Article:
I have been working with fuzzy logic (FL) for years and I know there are differences between FL and probability specially concerning the way FL deals with uncertainty.

However, I would like to ask what more differences exist between FL and probability?

In other words, if I deal with probabilities (fusing information, aggregating knowledge), can I do the same with FL?

Klir, and Bo Yuan's Fuzzy Sets and Fuzzy Logic: Theory and Applications (1995) provide in-depth discussions on the differences between the fuzzy and probabilistic versions of uncertainty, as well as several other types related to Evidence Theory, possibility distributions, etc.

It is chock-full of formulas for measuring fuzziness (uncertainties in measurement scales) and probabilistic uncertainty (variants of Shannon's Entropy, etc.), plus a few for aggregating across these various types of uncertainty.

There are also a few chapters on aggregating fuzzy numbers, fuzzy equations and fuzzy logic statements that you may find helpful.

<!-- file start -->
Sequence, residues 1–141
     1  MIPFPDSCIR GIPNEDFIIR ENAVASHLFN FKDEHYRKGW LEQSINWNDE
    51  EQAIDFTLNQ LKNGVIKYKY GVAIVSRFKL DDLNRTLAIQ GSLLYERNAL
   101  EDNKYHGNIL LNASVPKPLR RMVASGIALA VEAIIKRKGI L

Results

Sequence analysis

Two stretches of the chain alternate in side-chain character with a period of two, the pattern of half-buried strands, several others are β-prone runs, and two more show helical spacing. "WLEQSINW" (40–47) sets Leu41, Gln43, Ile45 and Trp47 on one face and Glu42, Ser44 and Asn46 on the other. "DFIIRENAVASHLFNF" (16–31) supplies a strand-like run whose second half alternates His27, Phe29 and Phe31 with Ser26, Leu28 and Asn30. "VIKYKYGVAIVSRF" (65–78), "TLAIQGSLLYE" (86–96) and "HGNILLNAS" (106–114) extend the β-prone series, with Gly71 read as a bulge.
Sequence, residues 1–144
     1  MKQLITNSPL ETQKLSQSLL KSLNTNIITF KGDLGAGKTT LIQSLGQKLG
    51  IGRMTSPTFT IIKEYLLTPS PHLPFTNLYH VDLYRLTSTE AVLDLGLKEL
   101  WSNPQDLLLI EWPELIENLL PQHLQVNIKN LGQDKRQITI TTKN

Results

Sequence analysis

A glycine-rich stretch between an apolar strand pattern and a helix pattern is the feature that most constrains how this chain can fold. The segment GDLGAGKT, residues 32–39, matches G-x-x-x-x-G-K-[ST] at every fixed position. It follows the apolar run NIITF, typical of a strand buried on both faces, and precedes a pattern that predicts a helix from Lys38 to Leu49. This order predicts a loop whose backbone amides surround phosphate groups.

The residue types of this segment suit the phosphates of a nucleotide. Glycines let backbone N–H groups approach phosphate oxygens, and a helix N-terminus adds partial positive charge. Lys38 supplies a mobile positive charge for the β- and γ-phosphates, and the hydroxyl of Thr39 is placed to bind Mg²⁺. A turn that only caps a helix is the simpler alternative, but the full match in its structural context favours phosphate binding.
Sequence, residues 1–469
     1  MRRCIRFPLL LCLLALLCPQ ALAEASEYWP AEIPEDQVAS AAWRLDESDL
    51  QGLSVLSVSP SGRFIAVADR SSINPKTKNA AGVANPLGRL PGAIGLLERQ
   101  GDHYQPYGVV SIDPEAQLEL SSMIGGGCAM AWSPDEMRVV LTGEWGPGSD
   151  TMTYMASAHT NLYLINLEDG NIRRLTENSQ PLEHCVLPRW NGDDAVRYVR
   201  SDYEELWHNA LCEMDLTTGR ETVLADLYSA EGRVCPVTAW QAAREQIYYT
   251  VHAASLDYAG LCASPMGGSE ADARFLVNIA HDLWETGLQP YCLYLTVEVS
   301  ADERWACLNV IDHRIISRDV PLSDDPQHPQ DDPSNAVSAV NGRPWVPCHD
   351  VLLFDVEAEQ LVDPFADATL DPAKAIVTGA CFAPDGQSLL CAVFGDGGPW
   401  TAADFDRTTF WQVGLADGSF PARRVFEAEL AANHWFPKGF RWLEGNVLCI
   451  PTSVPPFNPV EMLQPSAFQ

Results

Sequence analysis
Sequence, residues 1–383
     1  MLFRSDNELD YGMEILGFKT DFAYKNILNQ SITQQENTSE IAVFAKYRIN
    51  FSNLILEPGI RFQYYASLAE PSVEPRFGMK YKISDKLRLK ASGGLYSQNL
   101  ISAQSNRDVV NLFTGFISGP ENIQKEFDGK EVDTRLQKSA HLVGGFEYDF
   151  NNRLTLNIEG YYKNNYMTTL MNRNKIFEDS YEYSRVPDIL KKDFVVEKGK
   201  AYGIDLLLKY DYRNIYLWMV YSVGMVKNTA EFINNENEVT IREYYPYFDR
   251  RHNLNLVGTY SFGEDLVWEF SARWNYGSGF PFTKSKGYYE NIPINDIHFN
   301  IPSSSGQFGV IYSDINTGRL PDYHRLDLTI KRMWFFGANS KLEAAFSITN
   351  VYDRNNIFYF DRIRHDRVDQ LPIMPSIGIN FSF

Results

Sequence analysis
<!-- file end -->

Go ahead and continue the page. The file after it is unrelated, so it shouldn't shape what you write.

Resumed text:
I translated a lot of these formulas into code, but am still learning the ropes as far as the math goes, so I'll let Klir and Yuan do the talking.

:) I was able to pick up a used copy for $5 a few months back.

Klir also wrote a follow-up book on Uncertainty around 2004, which I have yet to read.

(My apologies if this thread is too old to respond to - I'm still learning the forum etiquette).

Edited to add: I’m not sure which of the differences between fuzzy and probabilistic uncertainty the OP was already aware of and which he needed more info on, or what types of aggregations he meant, so I’ll just provide a list of some differences I gleaned from Klir and Yuan, off the top of my head.

The gist is that yes, you can fuse fuzzy numbers, measures, etc.